Constantia or Konstantia (Ancient Greek: Κωνσταντία) was a town of some importance in the province Osrhoene in Mesopotamia, on the road between Nisibis and Carrhae, at no great distance from Edessa. It was, after his departure from Nisibis, the residence of the dux Mesopotamiae until the foundation of Dara. There is considerable variation in different authors in the way in which the name of this town is written and the names under which it is known, including: Constantia or Konstantia (Κωνσταντία), Constantina or Konstantina (Κωνσταντίνα), Antoninopolis, Nicephorium or Nikephorion (Νικηφόριον), Maximianopolis (Μαξιμιανούπολις), Constantinopolis in Osrhoene, Tella and Antiochia Arabis, Antiochia in Mesopotamia (Ἀντιόχεια τῆς Μεσοποταμίας – Antiocheia tes Mesopotamias) and Antiochia in Arabia (Ἀντιόχεια ἡ Ἀραβική – Antiocheia e Arabike).According to Pliny it was founded by Seleucus I Nicator after the death of Alexander the Great. According to the Byzantine historian John Malalas, the city was built by the Roman Emperor Constantine I on the site of former Maximianopolis, which had been destroyed by a Persian attack and an earthquake. Jacob Baradaeus was born near the city and was a monk in a nearby monastery.Under the names Constantina and Tella, it was also a bishopric, suffragan of Edessa; some names of early bishops have been preserved, including Sophronius who attended the Council of Antioch in 445. No longer a residential bishop, it remains a titular see of the Roman Catholic Church under the name Constantina. The city was captured by the Arabs in 639.Its site is near the modern Viranşehir, Turkey.Dictionary of Greek and Roman Biography and Mythology
The Dictionary of Greek and Roman Biography and Mythology (1849, originally published 1844 under a slightly different title) is an encyclopedia/biographical dictionary. Edited by William Smith, the dictionary spans three volumes and 3,700 pages. It is a classic work of 19th-century lexicography. The work is a companion to Smith's Dictionary of Greek and Roman Antiquities and Dictionary of Greek and Roman Geography.Eudocia (Cappadocia)
Although William Smith's Dictionary of Greek and Roman Geography (1854) said that the Synecdemus of Hierocles mentions four towns in Asia Minor called Eudocia (Ancient Greek: Εὐδοκία), including one in Cappadocia, the text of the Synecdemus as edited by Gustav Parthey in 1866 mentions no town of that name or of any similar name among the Cappadocian towns.Smith also said that the town had formerly belonged to the Anatolian Theme but Leo VI incorporated it into Cappadocia. The Synecdemus was composed, under Justinian (527–565), before 535, three and a half centuries before the time of Leo VI, who reigned from 886 to 912.Eudocia (Lycia)
Eudocia (Ancient Greek: Εὐδοκία) was a town in ancient Lycia.
Although William Smith's Dictionary of Greek and Roman Geography (1854) said that the Synecdemus of Hierocles mentions four towns in Asia Minor called Eudocia (Εὐδοκία), including one in Lycia, other scholars report the Synecdemus as calling one or more of them Eudocias or Eudoxias. and the name of the Lycian town as it appears in the text of the Synecdemus as edited by Parthey in 1866 is clearly Eudocias (Εὐδοκιάς), while noting that in some Notitiae Episcopatuum the name is given as Eudoxias (Εὐδοξιάς).Lequien, who mentions no town in Lycia called Eudocia, says that the Synecdemus called a town in Lycia Eudocias and one in Pamphylia Eudoxias, but that other sources speak of the Pamphylian town also as Eudocias. He sees in the presence in the Synecdemus both of a Lycian Telmessus and a Lycian Eudocias and also of a Pamphylian Termessus and a Pamphylian Eudoxias or Eudocias proof that they were all distinct cities. It is curious then that, although, when speaking of Telmessus, he says that it was the Pamphylian Termessus and the Pamphylian Eudocias that for long had the same bishop, when he speaks of the Lycian Eudocias, he attributes to that see the same bishops that he attributes elsewhere to the Pamphylian Eudocias, calling the two most ancient one either bishops of Telmessus and Eudocias (when speaking of Lycia) or bishops of Termessus and Eudocias (when speaking of Pamphylia). The bishops that he mentions for both towns that he calls Eudocias are Timotheus (at the 431 Council of Ephesus), Zenodotus (at the 451 Council of Ephesus), and Photius or Photinus (at the 787 Second Council of Nicaea).The more recent study by Gams makes no mention of any bishopric in Lycia called either Eudocias or Eudocia, but mentions both the Lycian Telmessus and the Pamphylian Termessus and Eudocias.The Annuario Pontificio speaks of a no longer residential, and therefore now titular, episcopal see in the Roman province of Lycia as called Eudocia. It was a suffragan of Myra, the metropolitan see and capital of that province. The Annuario Pontificio states that the town that it calls Eudocia was near Makri, the name that at least by the 9th century was given to the city previously called Telmessus, which is now Fethiye, Muğla Province, Turkey.Eudocias (Pamphylia)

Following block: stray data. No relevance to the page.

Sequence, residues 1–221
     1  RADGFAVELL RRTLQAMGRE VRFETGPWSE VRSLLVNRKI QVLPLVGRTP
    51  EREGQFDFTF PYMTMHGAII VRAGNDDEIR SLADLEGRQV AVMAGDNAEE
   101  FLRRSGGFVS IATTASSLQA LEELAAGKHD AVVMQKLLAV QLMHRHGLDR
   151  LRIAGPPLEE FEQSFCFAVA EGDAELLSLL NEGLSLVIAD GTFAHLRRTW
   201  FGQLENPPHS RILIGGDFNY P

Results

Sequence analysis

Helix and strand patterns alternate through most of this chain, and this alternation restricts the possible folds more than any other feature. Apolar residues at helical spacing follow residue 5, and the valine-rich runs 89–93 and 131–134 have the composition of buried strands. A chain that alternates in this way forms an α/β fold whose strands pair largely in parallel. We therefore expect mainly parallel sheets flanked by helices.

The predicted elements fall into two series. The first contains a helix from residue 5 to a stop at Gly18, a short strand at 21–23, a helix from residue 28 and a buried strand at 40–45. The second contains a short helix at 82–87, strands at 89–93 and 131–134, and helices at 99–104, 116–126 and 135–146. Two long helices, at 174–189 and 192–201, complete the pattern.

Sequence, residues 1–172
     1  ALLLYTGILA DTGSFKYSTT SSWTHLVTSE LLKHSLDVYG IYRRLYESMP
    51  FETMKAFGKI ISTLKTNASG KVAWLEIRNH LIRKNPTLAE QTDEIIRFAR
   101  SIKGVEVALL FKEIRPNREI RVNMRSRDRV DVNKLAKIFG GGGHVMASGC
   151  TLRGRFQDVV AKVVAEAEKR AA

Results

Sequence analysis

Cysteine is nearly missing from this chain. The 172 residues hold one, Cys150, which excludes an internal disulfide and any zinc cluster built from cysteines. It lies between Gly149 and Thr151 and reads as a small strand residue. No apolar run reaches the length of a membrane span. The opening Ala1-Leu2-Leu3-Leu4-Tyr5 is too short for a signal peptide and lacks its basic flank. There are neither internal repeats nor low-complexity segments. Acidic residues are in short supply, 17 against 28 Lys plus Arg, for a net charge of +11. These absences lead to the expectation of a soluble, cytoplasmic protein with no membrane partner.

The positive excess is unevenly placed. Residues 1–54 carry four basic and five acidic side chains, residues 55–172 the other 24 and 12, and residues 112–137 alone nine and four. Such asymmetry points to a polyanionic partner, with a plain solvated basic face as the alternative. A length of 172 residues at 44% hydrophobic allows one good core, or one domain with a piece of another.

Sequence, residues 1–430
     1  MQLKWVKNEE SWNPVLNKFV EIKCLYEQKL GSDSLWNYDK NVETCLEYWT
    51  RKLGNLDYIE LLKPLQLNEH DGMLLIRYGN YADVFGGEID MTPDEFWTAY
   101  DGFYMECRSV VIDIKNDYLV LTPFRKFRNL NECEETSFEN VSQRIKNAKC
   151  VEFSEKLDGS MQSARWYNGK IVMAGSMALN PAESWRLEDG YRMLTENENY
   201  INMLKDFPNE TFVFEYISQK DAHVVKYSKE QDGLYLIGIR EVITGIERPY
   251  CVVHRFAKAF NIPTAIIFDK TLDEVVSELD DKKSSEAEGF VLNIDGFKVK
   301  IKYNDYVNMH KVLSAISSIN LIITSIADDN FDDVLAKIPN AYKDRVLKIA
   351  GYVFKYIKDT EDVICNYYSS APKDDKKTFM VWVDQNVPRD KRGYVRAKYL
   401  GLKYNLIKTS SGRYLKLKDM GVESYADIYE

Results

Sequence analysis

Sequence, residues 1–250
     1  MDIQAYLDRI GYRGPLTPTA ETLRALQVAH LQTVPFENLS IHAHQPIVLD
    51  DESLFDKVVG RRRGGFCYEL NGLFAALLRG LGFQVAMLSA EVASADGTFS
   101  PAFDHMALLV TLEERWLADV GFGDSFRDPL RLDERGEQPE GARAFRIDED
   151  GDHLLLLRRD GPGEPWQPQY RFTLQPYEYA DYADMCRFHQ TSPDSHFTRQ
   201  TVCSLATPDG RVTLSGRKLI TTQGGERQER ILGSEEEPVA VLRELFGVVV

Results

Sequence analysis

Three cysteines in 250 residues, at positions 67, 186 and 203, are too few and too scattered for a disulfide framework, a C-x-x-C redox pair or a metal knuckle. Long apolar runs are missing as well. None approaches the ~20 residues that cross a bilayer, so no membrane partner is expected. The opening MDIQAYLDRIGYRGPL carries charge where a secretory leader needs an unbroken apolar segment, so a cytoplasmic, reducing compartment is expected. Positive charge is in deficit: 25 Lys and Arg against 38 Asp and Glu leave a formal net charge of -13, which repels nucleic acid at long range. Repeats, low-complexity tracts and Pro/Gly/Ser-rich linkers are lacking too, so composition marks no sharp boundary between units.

Eudocias (Ancient Greek: Εὐδοκιάς) or Eudocia (Ancient Greek: Εὐδοκία) was an ancient town in the Roman province of Pamphylia Secunda, in the neighbourhood of Termessus.